Putting flex benefits through their paces

The growing pains seem to be over and employers can start reaping the benefits

To everything there is a season and a time for every purpose. For the last decade or so in the realm of employee benefits that purpose has been to offer employees choice and manage costs through the introduction of flexible benefit programs.

Flexible benefits are plans where various benefits are offered with different levels of coverage available for some or all of the options. Employees may pay some, all or none of the premium cost for these options, depending on the plan design. The range of potential options is only limited by the employer’s tolerance for complexity and ability to administer the plan.

Now that flexible benefits have been put through their paces over the past few years, it’s worthwhile to take a step back and assess whether the plans have delivered what was promised. Have employers realized the savings anticipated? Have employees begun to appreciate the significant dollar investment benefits represent for their employers? Have employees started to live on the edge by opting for little or no coverage rather than the paternalistic security blanket of traditional plans?

What's in it for employers?

Flexible plans are far more complicated to administer than traditional plans. Employers that support flexible benefit plans do so for a number of reasons:

•effectively containing operating costs;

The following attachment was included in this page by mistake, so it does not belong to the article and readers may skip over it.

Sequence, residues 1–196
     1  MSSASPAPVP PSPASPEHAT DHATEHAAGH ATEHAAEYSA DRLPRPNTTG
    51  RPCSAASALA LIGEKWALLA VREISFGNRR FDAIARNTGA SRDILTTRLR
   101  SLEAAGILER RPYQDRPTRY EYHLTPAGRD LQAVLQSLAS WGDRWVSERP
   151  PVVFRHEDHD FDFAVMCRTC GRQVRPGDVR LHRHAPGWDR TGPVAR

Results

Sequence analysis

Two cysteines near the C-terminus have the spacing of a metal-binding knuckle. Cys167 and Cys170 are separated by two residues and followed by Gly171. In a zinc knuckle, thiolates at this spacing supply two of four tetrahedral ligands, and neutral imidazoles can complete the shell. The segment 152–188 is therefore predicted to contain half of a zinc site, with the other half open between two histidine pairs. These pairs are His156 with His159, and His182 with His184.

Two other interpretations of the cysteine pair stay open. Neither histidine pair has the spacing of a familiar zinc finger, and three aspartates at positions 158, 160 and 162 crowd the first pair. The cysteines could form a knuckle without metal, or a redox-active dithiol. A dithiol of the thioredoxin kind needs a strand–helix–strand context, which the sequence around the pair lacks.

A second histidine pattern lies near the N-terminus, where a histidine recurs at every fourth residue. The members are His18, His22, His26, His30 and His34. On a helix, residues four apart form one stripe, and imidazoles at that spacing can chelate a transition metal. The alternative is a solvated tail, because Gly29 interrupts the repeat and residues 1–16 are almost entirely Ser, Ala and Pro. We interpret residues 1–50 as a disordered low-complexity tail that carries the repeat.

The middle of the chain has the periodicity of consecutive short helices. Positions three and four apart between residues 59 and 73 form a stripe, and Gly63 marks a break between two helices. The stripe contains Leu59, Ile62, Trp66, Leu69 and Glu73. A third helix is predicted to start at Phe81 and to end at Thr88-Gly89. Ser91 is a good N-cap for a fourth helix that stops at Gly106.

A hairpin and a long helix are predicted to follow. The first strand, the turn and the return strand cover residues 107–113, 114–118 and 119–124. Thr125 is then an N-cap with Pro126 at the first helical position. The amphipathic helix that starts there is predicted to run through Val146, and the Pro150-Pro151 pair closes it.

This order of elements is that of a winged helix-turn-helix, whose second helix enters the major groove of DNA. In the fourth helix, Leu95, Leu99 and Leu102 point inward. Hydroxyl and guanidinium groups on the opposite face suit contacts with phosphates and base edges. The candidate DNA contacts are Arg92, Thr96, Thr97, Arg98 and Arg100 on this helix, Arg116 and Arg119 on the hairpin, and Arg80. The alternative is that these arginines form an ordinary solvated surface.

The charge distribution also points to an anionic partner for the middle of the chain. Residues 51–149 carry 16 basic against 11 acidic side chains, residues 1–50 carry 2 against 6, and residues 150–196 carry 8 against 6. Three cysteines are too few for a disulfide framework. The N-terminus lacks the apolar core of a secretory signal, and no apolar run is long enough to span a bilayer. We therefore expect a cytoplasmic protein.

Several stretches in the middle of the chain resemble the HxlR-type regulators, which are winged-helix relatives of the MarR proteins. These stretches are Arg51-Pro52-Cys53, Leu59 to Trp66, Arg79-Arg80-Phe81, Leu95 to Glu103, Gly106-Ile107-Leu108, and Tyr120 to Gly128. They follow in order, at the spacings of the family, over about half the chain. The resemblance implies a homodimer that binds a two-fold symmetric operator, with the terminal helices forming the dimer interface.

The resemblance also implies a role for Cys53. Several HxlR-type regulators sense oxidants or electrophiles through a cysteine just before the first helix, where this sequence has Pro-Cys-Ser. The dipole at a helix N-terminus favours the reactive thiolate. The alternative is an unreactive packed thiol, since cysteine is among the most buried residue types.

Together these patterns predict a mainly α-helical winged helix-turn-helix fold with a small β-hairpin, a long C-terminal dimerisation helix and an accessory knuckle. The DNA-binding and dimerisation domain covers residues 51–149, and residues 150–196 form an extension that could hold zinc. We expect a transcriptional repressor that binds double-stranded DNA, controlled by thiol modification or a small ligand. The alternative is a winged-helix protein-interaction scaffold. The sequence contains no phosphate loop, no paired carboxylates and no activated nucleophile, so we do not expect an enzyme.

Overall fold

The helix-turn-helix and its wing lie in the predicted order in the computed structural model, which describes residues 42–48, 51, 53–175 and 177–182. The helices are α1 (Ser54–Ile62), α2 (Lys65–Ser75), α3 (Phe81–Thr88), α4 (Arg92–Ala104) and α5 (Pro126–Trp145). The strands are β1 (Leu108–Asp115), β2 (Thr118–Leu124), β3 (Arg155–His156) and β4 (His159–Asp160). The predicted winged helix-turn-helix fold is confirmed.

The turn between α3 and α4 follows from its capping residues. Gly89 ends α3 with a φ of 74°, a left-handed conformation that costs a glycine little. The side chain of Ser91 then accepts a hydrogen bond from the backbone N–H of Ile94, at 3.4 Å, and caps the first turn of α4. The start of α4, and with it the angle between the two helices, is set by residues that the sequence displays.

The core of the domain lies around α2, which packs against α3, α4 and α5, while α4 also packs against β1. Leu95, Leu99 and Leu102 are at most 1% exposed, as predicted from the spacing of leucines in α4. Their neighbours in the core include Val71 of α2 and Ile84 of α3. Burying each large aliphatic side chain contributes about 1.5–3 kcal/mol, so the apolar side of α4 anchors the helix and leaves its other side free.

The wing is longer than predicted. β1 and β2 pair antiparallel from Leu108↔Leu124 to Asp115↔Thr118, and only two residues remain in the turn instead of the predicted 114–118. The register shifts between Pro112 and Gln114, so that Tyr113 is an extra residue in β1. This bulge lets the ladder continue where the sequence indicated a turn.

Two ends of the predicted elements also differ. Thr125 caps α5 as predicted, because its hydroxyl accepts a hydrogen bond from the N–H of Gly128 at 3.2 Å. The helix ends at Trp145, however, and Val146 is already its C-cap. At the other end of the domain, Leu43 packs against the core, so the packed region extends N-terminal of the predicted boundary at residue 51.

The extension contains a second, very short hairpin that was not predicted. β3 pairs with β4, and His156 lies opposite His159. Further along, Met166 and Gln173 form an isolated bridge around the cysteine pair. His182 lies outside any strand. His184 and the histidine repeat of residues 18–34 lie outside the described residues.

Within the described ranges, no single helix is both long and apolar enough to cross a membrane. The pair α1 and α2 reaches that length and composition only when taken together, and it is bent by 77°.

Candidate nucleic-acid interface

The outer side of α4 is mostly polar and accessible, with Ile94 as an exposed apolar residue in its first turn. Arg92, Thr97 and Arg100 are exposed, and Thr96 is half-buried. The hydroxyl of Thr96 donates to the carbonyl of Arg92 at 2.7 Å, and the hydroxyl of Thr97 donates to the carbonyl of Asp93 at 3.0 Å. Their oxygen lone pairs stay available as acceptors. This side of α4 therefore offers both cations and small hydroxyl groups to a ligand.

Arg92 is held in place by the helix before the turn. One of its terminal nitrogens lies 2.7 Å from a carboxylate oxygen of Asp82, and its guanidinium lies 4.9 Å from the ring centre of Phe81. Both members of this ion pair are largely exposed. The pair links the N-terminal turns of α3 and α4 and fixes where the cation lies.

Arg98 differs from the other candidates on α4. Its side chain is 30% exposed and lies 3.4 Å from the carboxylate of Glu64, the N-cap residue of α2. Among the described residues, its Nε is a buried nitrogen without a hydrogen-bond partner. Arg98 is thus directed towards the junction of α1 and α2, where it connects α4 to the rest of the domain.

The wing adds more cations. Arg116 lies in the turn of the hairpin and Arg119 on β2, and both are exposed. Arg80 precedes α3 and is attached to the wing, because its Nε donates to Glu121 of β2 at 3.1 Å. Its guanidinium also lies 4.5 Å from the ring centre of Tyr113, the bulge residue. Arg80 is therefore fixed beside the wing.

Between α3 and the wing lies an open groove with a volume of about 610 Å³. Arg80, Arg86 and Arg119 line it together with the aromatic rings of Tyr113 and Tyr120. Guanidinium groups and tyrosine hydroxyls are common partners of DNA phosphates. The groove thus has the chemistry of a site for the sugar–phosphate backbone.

•improving tax effectiveness;

•meeting the needs of an increasingly diverse workforce;

•attracting and retaining high-quality employees;

•increasing employees’ appreciation of the employer investment in compensation beyond wages; and

•enhancing employee productivity.

The findings of a 2002 survey by Hewitt and Associates, Flex-ability: Employer Attitudes Toward Flexible Benefits, shows that 71 per cent of its respondents realized the cost-savings set for their benefits programs.

Where do these savings come from? A large potential for savings comes from the design and pricing strategy of the plan. An effective pricing structure helps to mitigate adverse selection and increases efficient spending. When employees are asked to “buy” their benefits, using their own dollars or the employer’s the typical market forces are brought to bear and many employees become savvy consumers. The personal value of a particular benefit and its accompanying price tag are carefully evaluated before the purchase is made. This conserves both the employee’s and the employer’s resources.

What's in it for employees?

Employees want to make their own choices. In the diverse and challenging world we live in, they want flexible work arrangements, autonomy over their pension and savings plans and more choice in benefits.

The traditional male breadwinner with a stay-at-home wife and “2.5” children is just one of many models in the mosaic of the Canadian workforce. Traditional one-size-fits-all plans can no longer meet their needs or expectations. The Hewitt survey found that 94 per cent of employers that participated believed their flexible benefits program met or exceeded expectations for providing choice and empowerment to employees.